Scientific evidence shows GLDH is a safe biomarker for drug-induced liver injury
Reviewed by James Ives, M.Psych. (Editor)Jul 22 2020
Critical Path Institute (C-Path) announced today that the Biomarker Qualification Program (BQP) at the Center for Drug Evaluation and Research (CDER) from the U.S. Food and Drug Administration (FDA) issued a positive response to the Qualification Plan (QP) for glutamate dehydrogenase (GLDH) as a safety biomarker for drug-induced liver injury (DILI), developed by C-Path's Predictive Safety Testing Consortium (PSTC) and Duchenne Regulatory Science Consortium (D-RSC).
In this QP, PSTC and D-RSC provided scientific evidence supporting the use of GLDH as an important and accurate measurement of DILI in clinical trials involving patients affected by inherited muscle disorders, such as Duchenne muscular dystrophy (DMD) or idiopathic inflammatory myopathies, and muscle damage caused by strenuous exercise or drug induced muscle injury. In its Determination Letter, the Agency stated, "FDA has completed its review and has agreed to accept your QP."
In clinical trials, alanine aminotransferase (ALT) and total bilirubin (TBil) levels in blood are the current gold standard biomarkers for detecting DILI.
Although ALT is a sensitive marker of DILI, this enzyme is also expressed in other tissues, including muscle.
This severely limits the reliability of ALT as a biomarker of liver damage in clinical trial subjects with underlying muscle degenerating conditions, such as DMD and related neuromuscular conditions.
This project was launched to address an unmet need in drug development for increased precision in detection of DILI and serves as a powerful example of advancing translational science from preclinical to clinical use."
John-Michael Sauer, PhD., PSTC Executive Director,
"Through PSTC's and D-RSC's efforts, GLDH's sensitivity and specificity for detection of DILI has been demonstrated in nonclinical studies, and this research can now be translated to application in clinical trials."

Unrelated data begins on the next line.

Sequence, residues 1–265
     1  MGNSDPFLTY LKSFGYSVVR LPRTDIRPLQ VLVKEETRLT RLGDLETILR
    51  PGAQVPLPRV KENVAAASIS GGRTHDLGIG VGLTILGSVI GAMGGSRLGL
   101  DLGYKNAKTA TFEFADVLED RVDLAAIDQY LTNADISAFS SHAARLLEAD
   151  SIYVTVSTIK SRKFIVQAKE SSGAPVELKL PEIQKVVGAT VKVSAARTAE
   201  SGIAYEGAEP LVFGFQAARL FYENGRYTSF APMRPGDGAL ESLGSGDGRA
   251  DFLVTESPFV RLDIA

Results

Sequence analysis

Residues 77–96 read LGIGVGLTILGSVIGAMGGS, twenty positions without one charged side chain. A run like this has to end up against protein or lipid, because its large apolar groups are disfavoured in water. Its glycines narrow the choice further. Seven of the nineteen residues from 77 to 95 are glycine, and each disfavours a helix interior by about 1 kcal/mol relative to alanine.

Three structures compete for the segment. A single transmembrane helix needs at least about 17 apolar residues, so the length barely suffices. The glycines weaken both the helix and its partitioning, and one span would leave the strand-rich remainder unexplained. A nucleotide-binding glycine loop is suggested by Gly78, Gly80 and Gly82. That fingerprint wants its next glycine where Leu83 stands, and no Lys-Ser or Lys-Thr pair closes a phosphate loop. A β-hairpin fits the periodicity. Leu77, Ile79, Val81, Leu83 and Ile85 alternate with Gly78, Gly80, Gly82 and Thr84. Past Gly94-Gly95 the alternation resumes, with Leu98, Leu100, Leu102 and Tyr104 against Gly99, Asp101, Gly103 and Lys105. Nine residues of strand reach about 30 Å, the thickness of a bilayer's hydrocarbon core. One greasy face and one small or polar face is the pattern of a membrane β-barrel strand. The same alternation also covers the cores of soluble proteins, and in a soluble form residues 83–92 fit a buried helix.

"We are improving the ability to more accurately detect DILI through collaboration and data sharing across consortia and industry members."
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FDA expressed support for the consortia's intent to pursue biomarker qualification for GLDH and invited submission of a Full Qualification Package, the final stage that details how the biomarker demonstrates clinical and analytical validity for its intended Context of Use (COU) as a safety biomarker.
PSTC and D-RSC propose the qualification of GLDH levels in serum for use as a specific biomarker of DILI in clinical trial subjects with underlying muscle injury or degeneration, in conjunction with standard hepatic injury monitoring biomarkers, such as alkaline phosphatase (ALP) and TBil.
"When ALT levels increase during clinical trials, including in people with underlying muscle disease such as those living with DMD, this can lead researchers to incorrectly conclude a drug candidate is causing liver damage and therefore the study may be discontinued unnecessarily," said C-Path D-RSC Executive Director Jane Larkindale, D.Phil.
"Measuring GLDH in addition to traditional biomarkers will provide a new tool for drug developers that generates more accurate and sensitive safety data throughout the clinical trial process."
"GLDH will allow drug developers to properly determine the onset of liver injury in clinical trials for novel therapies to treat patients with muscle disease, where the traditional DILI biomarkers may be confounded by active skeletal muscle injury," said Jiri Aubrecht, Pharm.D., Ph.D., Scientific Director, Takeda Pharmaceuticals USA Inc. and industry co-director for PSTC.
As part of the 21st Century Cures Act, passed into law in December 2016, public-private partnerships consisting of government entities, including FDA, the biopharmaceutical industry, health care providers, academic researchers, and patient advocacy organizations have been encouraged to work together to foster innovation in development of new therapies by qualifying new drug development tools that can accelerate the process of making new therapies available to patients.